Depressive Symptoms, a Time-Dependent Risk Factor for Coronary Heart Disease and Stroke in Middle-Aged Men
The PRIME Study
Background and Purpose—To date, the association between depressive symptoms and the risk of cardiovascular diseases remains controversial. We investigated prospectively, within the same population, the time course of the association between baseline depressive symptoms and first stroke or coronary heart disease event.
Methods—In the Prospective Epidemiological Study of Myocardial Infarction (PRIME) Study, a multicenter, observational, prospective cohort, 9601 men from France and Northern Ireland were surveyed for the occurrence of first coronary heart disease (n=647) and stroke events (n=136) over 10 years. At baseline, the fourth quartile of a 13-item modified Center for Epidemiological Studies questionnaire was used to define the presence of depressive symptoms. We sought the best time-dependent function to assess the association between depressive symptoms and outcomes. Thus, the hazard ratios were estimated by a Cox proportional hazard model after splitting the follow-up before and after 5 years of follow-up time periods.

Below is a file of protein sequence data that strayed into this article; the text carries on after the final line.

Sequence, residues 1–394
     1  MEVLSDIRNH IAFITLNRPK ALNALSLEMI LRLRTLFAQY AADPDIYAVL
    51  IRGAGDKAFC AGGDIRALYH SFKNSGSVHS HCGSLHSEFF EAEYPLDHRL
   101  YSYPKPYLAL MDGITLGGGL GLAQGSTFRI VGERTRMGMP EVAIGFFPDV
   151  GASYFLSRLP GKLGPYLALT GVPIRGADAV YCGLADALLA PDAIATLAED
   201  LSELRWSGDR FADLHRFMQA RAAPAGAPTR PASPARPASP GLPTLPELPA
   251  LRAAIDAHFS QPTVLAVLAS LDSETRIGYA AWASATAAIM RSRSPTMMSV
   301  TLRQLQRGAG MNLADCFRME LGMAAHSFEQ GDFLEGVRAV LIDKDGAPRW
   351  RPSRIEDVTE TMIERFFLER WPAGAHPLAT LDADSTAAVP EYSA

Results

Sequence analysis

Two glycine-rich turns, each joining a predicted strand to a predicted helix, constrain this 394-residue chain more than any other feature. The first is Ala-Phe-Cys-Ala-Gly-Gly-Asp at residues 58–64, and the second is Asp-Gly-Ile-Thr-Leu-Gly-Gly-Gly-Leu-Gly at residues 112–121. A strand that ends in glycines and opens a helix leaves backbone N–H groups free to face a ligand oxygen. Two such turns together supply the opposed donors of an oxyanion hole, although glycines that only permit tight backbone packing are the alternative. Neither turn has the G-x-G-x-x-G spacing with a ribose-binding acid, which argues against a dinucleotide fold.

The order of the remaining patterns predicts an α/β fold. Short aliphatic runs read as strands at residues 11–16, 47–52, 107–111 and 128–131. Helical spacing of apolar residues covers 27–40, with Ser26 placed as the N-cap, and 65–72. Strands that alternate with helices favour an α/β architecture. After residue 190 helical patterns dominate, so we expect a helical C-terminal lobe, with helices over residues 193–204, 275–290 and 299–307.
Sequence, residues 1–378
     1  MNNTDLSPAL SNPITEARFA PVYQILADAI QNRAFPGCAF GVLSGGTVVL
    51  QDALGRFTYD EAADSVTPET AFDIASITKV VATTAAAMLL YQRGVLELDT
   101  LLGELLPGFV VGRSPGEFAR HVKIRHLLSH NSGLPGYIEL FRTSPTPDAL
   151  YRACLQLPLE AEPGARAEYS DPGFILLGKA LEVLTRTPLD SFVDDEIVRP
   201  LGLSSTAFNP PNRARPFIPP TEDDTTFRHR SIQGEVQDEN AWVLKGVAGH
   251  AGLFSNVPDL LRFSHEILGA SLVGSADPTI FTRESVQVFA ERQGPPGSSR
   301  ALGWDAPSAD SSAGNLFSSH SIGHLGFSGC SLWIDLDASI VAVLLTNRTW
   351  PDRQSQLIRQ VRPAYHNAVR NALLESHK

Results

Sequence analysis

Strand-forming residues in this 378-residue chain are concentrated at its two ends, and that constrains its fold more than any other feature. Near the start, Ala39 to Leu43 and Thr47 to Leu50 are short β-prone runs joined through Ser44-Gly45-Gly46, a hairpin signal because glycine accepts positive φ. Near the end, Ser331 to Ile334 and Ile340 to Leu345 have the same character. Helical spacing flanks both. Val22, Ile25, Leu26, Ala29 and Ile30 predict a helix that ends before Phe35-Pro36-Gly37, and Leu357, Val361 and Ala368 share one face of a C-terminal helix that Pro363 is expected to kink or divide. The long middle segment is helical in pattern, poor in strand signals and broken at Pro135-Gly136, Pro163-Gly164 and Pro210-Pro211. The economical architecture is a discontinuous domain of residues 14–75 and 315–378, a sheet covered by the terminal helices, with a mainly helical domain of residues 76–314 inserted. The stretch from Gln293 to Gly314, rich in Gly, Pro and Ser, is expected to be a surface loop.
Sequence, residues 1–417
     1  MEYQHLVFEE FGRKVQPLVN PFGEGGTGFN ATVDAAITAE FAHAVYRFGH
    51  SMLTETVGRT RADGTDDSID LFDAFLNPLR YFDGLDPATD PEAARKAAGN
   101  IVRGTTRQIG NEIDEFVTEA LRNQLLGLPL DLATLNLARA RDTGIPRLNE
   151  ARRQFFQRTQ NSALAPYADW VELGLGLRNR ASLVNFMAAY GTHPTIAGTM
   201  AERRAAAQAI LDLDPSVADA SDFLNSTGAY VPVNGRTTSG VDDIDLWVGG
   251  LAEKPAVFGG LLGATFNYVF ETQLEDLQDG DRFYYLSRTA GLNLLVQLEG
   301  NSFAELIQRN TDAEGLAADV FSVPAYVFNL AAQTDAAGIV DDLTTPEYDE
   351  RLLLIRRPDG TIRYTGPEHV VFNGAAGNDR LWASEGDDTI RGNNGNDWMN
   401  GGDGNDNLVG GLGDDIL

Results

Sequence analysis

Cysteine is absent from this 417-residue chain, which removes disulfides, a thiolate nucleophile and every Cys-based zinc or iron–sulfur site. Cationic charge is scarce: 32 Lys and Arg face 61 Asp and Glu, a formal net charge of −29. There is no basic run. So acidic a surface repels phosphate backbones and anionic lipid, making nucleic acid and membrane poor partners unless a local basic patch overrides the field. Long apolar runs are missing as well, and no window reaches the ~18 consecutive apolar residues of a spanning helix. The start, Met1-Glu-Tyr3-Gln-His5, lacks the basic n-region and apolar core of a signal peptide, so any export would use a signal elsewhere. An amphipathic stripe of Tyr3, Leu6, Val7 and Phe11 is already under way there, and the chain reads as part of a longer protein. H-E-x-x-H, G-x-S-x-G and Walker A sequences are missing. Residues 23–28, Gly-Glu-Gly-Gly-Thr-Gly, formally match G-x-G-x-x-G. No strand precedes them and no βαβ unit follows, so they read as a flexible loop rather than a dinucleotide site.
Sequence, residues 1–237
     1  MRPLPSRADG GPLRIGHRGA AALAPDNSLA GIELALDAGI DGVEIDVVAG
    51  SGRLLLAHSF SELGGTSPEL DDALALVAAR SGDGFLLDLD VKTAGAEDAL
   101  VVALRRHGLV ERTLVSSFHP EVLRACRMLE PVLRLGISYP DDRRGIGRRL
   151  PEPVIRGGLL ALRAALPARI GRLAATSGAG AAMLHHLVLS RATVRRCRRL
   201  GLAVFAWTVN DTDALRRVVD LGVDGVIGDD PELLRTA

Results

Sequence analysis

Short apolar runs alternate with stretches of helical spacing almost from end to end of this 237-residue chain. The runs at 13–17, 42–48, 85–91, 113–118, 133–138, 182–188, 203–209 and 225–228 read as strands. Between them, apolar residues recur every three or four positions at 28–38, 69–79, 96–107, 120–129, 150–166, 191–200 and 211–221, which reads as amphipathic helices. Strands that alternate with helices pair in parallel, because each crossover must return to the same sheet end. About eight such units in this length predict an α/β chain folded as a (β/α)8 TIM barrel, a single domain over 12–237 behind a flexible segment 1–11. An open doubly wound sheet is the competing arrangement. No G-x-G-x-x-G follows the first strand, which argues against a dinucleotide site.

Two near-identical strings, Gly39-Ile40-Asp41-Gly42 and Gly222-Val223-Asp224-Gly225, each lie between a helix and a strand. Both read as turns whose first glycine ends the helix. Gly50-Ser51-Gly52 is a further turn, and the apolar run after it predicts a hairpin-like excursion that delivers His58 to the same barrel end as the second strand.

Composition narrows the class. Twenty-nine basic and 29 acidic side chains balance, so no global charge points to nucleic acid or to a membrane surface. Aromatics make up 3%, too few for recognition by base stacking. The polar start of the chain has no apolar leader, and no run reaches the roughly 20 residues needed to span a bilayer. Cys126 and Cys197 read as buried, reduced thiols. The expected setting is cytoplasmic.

Results—Depressive symptoms at baseline were associated with coronary heart disease in the first 5 years of follow-up (hazard ratio, 1.43; 1.10–1.87) and with stroke in the second 5 years of follow up (hazard ratio, 1.96; 1.21–3.19) after adjustment for age, study centers, baseline socioeconomic factors, traditional vascular risk factors, and antidepressant treatment. The association was even stronger for ischemic stroke (n=108; hazard ratio, 2.48; 1.45–4.25).
Conclusions—The current study suggests that in healthy, European, middle-aged men, baseline depressive symptoms are associated with an increased risk of coronary heart disease in the short-term, and for stroke in the long-term.
- Received November 16, 2011.
- Accepted February 29, 2012.
- © 2012 American Heart Association, Inc.